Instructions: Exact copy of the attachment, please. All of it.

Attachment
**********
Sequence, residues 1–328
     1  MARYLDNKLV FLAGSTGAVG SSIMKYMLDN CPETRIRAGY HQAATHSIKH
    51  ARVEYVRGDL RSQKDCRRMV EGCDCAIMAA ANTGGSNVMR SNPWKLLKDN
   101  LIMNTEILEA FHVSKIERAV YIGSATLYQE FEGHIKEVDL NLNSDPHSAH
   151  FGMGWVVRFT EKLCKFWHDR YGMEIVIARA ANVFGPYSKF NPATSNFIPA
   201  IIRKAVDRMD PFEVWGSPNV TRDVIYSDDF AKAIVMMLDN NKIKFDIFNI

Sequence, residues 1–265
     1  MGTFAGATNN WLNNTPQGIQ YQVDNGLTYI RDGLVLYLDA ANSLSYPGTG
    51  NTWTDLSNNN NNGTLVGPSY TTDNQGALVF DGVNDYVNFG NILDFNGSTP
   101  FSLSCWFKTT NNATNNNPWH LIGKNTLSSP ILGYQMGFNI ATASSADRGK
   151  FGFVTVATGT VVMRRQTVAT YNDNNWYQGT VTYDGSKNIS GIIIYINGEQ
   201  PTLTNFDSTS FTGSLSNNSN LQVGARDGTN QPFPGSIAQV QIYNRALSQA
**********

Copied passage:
Sequence, residues 1–328
     1  MARYLDNKLV FLAGSTGAVG SSIMKYMLDN CPETRIRAGY HQAATHSIKH
    51  ARVEYVRGDL RSQKDCRRMV EGCDCAIMAA ANTGGSNVMR SNPWKLLKDN
   101  LIMNTEILEA FHVSKIERAV YIGSATLYQE FEGHIKEVDL NLNSDPHSAH
   151  FGMGWVVRFT EKLCKFWHDR YGMEIVIARA ANVFGPYSKF NPATSNFIPA
   201  IIRKAVDRMD PFEVWGSPNV TRDVIYSDDF AKAIVMMLDN NKIKFDIFNI

Sequence, residues 1–265
     1  MGTFAGATNN WLNNTPQGIQ YQVDNGLTYI RDGLVLYLDA ANSLSYPGTG
    51  NTWTDLSNNN NNGTLVGPSY TTDNQGALVF DGVNDYVNFG NILDFNGSTP
   101  FSLSCWFKTT NNATNNNPWH LIGKNTLSSP ILGYQMGFNI ATASSADRGK
   151  FGFVTVATGT VVMRRQTVAT YNDNNWYQGT VTYDGSKNIS GIIIYINGEQ
   201  PTLTNFDSTS FTGSLSNNSN LQVGARDGTN QPFPGSIAQV QIYNRALSQA